How to cite this article: Wubishet Z, Sadik K, Abdala B, Mokonin B, Getachew T, Getachew K. Small Ruminant Brucellosis and Awareness of Pastoralists Community about Zoonotic Importance of the Disease in Yabello districts of Borena Zone Oromia Regional State, Southern Ethiopia. Curr Trends Biomedical Eng & Biosci. 2018; 12(1): 555827.DOI:10.19080/CTBEB.2018.13.555827
Brucellosis is zoonotic disease affecting the wellbeing of human and animals mainly in developing countries. Small ruminants are important domestic animals highly adaptable to broad range of environmental conditions and income source for poor households. Cross sectional study was carried out on a total of 283 (99 sheep and 184 goat) from October 2016 and April 2017 to estimate sero prevalence of small ruminant brucellosis. In addition, structured questionnaire was also administered to 126 respondents of 10 PA's to assess community awareness about zoonotic importance of diseases. The overall sero prevalence of brucellosis in small ruminant was 23 (8.1%) (95%CI: 5.2, 11.9) byc-ELISA. The individual species sero-prevalence of Brucellosis was 9.2 (95%CI: 5.5, 14.4) and 6.1(95%CI: 2.3, 12.7) in goat and sheep respectively. Among 126, 112(88.9) of community have no knowledge about zoonotic importance of Brucellosis and ways of transmission of disease where as 14(11.1%) of them have awareness about a disease. Consequently, they handle all aborted fetus; support their animal during parturition by bare hand without any protective clothing, consume raw milk and animal blood. This suggests high risk of human brucellosis in the study area. In addition, physicians have no awareness about the disease they don't consider Brucellosis while treating patient submitted to health post with suggestive clinical sign Brucellosis. Therefore, integrated human and veterinary doctors' disease control strategy should be developed and applied to control disease both in human and animals.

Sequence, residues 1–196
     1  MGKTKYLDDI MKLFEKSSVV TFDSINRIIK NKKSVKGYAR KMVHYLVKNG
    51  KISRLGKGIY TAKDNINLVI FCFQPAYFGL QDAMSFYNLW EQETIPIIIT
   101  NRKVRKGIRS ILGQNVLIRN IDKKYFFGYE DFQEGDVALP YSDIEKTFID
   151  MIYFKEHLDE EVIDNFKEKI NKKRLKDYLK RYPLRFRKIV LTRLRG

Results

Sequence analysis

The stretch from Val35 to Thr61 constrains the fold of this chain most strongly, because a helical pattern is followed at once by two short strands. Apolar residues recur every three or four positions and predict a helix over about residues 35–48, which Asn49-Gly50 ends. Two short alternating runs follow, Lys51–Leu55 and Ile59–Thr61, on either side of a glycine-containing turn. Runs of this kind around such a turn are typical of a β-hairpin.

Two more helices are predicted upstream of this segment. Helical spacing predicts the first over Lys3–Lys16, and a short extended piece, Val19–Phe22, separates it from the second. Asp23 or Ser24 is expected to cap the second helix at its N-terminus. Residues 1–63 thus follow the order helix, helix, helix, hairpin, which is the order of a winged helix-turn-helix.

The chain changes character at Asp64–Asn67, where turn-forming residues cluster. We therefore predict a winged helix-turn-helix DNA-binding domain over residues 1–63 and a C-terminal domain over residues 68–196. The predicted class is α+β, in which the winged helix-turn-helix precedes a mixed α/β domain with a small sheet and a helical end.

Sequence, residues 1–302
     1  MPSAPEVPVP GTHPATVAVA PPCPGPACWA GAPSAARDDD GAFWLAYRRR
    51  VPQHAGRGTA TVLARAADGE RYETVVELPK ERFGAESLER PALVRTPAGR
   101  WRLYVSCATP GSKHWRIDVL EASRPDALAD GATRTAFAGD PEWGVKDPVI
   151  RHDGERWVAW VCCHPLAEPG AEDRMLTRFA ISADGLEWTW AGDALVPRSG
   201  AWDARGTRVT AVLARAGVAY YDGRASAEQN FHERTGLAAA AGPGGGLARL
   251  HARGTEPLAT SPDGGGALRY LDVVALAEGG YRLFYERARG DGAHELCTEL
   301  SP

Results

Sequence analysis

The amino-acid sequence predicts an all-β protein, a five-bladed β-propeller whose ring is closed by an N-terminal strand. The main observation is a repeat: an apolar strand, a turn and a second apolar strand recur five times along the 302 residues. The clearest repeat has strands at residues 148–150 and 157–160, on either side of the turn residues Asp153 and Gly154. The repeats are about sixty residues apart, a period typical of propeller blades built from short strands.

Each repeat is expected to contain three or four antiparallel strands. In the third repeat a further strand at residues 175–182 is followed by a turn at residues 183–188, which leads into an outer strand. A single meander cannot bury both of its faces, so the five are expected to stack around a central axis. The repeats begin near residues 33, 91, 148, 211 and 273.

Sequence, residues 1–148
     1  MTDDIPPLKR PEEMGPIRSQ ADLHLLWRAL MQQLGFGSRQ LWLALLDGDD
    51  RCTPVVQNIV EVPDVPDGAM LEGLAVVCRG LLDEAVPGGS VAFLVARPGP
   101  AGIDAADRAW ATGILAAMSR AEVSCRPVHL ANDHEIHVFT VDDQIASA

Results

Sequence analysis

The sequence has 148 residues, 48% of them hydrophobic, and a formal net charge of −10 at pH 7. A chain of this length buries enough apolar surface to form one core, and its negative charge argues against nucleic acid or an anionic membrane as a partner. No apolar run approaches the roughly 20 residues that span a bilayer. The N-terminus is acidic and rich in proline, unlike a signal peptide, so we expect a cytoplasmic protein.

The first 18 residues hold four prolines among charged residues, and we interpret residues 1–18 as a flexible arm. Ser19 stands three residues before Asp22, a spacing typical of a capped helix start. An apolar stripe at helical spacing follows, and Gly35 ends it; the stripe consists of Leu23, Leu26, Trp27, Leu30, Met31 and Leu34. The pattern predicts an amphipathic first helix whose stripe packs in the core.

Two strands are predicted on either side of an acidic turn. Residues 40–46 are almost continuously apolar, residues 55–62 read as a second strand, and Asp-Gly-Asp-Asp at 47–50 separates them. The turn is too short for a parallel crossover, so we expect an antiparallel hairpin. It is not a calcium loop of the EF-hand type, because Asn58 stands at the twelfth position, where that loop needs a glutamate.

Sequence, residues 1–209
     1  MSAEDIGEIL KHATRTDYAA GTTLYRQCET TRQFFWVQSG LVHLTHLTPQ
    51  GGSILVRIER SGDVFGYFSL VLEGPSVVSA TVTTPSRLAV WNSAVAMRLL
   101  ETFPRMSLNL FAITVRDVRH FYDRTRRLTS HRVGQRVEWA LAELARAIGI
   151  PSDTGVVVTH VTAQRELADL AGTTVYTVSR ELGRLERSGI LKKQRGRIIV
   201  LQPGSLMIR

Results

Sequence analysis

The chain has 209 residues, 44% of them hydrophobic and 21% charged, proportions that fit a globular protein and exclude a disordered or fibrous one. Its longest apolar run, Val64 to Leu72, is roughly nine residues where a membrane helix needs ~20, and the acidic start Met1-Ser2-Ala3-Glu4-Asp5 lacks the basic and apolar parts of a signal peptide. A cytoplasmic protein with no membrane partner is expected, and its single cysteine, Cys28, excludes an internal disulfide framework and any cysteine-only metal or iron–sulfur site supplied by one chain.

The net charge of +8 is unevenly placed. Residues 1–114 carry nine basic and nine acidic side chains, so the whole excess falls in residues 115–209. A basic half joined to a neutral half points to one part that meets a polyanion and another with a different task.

Keywords: Borena; Brucellosis; Pastoralist; Public awareness; Small ruminant